Dan: Absolutely. I think we see that multiple times every day. People have a lot of questions about the capabilities of these systems and is it the right solution for their home, and more often than not, the answer is absolutely yes. I think every home is a bit different, but with ductless, it’s so highly adaptive to every situation.
Every house is unique, but we’re able to provide unique solutions as well to make sure that we’re capturing the needs for heating and cooling throughout. These traditional heating systems, they could be very old and inefficient.
I think getting away from some of that and really capturing what is out there in the market for high-efficiency products and really taking into account, how much energy are we using in our home and how well can we be self-sufficient here in moving away from these fossil fuels?
I think people are talking solar. Solar is a big topic now these days too, and I think these ductless systems that are using electricity for these heating and cooling needs can be coupled with these solar systems, and really almost providing their own heating and cooling needs for a net-zero cost at the end of the day if they have the ability to do both of these systems together. It’s creating an off-grid opportunity for some of these folks that have traditionally relied on oil and gas in the past.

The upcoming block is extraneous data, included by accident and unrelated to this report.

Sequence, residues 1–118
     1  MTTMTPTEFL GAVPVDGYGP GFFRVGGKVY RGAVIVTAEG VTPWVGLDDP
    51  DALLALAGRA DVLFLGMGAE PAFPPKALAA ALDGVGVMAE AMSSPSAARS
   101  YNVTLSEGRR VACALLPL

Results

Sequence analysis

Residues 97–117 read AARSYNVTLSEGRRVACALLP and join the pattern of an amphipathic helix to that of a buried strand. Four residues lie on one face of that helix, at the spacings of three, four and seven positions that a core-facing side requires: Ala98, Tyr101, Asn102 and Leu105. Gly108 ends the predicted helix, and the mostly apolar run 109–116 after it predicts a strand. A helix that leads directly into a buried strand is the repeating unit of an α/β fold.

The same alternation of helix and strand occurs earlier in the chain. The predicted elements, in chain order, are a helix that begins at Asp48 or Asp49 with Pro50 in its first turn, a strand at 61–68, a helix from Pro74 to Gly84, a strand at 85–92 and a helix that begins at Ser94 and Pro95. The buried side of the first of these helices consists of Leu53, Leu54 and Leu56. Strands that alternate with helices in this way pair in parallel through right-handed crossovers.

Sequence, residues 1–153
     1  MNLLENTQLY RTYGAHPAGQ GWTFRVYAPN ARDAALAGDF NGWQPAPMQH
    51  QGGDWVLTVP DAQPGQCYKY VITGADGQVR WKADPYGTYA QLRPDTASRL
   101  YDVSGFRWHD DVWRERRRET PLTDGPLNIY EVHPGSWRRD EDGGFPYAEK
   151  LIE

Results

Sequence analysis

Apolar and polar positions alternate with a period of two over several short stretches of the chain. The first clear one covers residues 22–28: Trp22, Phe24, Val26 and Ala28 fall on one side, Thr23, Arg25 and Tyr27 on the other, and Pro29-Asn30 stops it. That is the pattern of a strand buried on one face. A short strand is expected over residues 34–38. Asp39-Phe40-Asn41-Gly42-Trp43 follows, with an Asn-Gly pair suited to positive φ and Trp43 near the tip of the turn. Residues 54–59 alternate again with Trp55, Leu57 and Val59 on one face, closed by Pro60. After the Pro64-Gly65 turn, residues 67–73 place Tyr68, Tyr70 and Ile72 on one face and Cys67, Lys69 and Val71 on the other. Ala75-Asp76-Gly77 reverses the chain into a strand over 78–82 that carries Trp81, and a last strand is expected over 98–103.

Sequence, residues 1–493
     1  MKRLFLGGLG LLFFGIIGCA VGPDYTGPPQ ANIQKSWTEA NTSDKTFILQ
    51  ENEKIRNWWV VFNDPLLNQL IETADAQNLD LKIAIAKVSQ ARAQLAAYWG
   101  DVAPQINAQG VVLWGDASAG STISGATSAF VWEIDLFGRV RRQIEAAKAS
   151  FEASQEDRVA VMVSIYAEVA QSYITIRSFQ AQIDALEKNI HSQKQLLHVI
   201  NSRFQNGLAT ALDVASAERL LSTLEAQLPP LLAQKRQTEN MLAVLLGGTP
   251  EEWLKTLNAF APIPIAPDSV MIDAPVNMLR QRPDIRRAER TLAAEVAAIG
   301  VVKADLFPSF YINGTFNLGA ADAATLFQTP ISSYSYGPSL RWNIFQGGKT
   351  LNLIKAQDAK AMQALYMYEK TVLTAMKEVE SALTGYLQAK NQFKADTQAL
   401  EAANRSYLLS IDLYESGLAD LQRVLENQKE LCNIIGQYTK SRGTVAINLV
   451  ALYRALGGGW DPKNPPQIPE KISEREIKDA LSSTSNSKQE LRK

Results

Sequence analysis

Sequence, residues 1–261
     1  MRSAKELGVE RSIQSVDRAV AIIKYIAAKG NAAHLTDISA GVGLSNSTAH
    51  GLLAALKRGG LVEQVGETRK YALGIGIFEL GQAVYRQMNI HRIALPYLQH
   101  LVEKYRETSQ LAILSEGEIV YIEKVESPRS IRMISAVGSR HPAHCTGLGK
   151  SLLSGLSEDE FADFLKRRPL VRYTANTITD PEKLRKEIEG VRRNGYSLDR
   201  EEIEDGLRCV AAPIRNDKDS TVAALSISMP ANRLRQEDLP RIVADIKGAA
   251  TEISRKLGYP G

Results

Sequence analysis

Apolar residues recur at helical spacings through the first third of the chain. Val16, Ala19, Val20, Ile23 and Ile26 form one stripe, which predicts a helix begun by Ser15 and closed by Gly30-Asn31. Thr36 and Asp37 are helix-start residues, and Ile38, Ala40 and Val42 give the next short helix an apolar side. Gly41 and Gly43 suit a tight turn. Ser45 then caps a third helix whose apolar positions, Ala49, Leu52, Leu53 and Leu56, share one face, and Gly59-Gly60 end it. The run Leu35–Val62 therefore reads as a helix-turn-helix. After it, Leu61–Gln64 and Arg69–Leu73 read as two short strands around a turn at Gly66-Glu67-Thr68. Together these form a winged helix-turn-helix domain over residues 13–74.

Dual-Fuel Vs. Replacing Your Current System
John: Right. Is it better to completely replace the traditional heating system with ductless or to combine the systems together?
Dan: Great question. Again, I think everything’s a bit unique. Say someone has a newer, high-efficiency system that they put in and then in the last couple of years said, “Oh no, I wish I had known about the evolving markets here,” and then how these products are really aligning with the goals of Massachusetts or any of these spaces at all.